‘Meeting, first published in the 1934 collection ‘The Walls of Glass’, describes just that. It appears at first to be comic anthropomorphism, though Tessimond set little store by that (‘A smiling dog’s the illusion | And wish-fulfilment of it’s owner’ – ‘Saving Grace’) but what it reaches is something powerful and wonderfully real.
Dogs take new friends abruptly and by smell.
Cats’ meetings are neat, tactual, caressive.
Monkeys exchange their fleas before they speak.
Snakes, no doubt, coil by coil reach mutual knowledge.
We then, at first encounter, should be silent;
Not court the cortex but the epidermis;
Not work from the inside out but outside in;
Discover each other’s flesh, its scent and texture;
Familiarize the sinews and the nerve-ends,
The hands, the hair–before the inept lips open.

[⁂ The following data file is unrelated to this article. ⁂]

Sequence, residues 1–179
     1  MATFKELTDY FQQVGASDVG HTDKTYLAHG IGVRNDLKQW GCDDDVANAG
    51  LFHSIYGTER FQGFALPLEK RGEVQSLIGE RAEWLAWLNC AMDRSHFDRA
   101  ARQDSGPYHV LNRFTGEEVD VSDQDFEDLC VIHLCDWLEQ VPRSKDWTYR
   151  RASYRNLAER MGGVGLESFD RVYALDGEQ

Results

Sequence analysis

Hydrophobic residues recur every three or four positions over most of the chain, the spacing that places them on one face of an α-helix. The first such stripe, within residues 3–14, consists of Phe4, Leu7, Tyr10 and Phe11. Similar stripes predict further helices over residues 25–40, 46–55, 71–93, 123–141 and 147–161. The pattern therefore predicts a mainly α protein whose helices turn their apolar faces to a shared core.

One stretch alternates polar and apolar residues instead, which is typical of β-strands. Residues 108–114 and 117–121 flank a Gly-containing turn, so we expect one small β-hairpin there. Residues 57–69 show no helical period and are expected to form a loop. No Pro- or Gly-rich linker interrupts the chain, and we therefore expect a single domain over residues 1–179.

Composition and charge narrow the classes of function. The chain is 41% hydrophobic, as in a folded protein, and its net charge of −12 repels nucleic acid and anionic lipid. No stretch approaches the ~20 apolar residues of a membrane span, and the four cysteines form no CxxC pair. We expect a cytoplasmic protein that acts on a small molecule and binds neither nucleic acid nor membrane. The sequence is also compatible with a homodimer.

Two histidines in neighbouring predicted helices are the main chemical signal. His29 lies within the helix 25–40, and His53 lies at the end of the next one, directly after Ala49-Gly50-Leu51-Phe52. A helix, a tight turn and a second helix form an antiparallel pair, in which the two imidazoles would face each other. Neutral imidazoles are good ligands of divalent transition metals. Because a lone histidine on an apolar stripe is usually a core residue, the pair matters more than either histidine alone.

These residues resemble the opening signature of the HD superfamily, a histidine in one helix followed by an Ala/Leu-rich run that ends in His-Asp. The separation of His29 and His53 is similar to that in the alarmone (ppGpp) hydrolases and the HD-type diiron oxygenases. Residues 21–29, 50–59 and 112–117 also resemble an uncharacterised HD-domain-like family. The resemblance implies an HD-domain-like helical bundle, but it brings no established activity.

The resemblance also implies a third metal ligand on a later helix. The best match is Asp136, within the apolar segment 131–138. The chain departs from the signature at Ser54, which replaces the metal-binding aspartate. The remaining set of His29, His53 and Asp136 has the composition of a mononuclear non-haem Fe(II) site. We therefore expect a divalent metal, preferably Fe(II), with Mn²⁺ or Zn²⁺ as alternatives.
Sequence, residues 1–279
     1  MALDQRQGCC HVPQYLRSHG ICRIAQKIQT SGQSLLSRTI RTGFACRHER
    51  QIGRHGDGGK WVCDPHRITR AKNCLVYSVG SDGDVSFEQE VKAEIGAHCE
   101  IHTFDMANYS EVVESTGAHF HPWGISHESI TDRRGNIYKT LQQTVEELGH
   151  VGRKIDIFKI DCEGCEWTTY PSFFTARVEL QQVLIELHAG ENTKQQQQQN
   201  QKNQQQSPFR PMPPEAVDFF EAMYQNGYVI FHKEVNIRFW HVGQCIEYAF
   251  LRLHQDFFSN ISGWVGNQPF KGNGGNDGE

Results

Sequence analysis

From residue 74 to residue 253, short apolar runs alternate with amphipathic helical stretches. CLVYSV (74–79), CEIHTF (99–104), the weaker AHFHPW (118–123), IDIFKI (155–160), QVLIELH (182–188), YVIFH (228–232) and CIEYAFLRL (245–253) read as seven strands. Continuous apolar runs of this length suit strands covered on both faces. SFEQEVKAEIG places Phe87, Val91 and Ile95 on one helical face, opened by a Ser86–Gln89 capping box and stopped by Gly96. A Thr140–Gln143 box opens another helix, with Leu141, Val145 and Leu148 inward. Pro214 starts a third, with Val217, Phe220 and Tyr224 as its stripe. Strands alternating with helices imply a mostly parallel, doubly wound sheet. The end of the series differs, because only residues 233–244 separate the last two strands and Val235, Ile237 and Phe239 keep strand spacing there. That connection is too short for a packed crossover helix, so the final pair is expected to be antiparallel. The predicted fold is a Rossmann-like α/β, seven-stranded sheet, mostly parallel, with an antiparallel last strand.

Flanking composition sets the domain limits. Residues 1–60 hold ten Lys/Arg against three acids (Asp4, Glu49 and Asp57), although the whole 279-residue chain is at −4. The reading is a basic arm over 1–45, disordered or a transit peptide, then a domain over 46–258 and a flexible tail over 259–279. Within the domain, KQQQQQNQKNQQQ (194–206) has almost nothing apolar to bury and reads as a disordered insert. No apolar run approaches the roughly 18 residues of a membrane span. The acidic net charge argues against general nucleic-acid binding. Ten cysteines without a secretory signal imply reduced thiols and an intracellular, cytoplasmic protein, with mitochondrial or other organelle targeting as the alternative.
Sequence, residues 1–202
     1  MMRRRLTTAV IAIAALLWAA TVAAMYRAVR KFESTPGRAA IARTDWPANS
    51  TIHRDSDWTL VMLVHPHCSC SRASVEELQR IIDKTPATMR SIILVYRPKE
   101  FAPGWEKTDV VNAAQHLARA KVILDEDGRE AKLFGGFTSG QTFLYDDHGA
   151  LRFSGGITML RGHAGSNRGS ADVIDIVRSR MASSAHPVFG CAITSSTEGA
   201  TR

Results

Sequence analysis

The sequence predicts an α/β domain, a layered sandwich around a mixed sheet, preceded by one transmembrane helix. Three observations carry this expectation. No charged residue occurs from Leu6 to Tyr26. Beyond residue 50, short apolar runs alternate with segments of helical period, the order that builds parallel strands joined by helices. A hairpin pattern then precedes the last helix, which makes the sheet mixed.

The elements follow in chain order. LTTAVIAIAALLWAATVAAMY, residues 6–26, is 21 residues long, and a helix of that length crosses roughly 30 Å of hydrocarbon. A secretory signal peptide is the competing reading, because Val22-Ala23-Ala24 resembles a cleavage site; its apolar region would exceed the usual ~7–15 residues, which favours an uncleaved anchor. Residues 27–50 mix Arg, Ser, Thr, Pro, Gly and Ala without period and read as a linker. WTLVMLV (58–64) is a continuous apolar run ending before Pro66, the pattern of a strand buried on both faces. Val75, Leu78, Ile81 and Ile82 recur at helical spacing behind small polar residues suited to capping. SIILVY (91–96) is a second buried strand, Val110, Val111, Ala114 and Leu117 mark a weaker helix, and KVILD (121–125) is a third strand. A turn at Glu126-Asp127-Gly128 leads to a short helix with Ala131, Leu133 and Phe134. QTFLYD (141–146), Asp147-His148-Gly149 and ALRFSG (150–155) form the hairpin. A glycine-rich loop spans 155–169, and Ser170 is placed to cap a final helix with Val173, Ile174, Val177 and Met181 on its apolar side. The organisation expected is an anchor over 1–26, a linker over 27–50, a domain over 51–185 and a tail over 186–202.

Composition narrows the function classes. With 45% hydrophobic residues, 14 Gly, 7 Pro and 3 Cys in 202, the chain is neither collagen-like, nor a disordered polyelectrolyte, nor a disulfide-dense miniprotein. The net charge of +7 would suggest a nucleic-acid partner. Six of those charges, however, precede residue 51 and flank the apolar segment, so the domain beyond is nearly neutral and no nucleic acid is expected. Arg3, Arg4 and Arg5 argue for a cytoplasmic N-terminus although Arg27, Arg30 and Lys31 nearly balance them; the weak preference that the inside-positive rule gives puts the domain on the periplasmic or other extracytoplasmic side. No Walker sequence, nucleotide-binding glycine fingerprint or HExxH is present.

Instead of which we are resonant, explicit.
Our words like windows intercept our meaning.
Our four eyes fence and flinch and awkwardly
Wince into shadow, slide oblique to ambush.
Hands stir, retract. The pulse is insulated.
Blood is turned inwards, lonely; skin unhappy…
While always under all, but interrupted,
Antennæ stretch… waver… and almost… touch.
I’m supposed to be writing about Tessimond this morning (and I have been doing, honest!) but have been distracted by Dawson Jackson again. He has a staggering ability to turn out very simple-seeming phrases that just flaw me, and this morning it is this from the poem ‘To his wife: A scent of hyacinth’:
And she takes on the
What she loves: the beauty that her
Eye perceives, she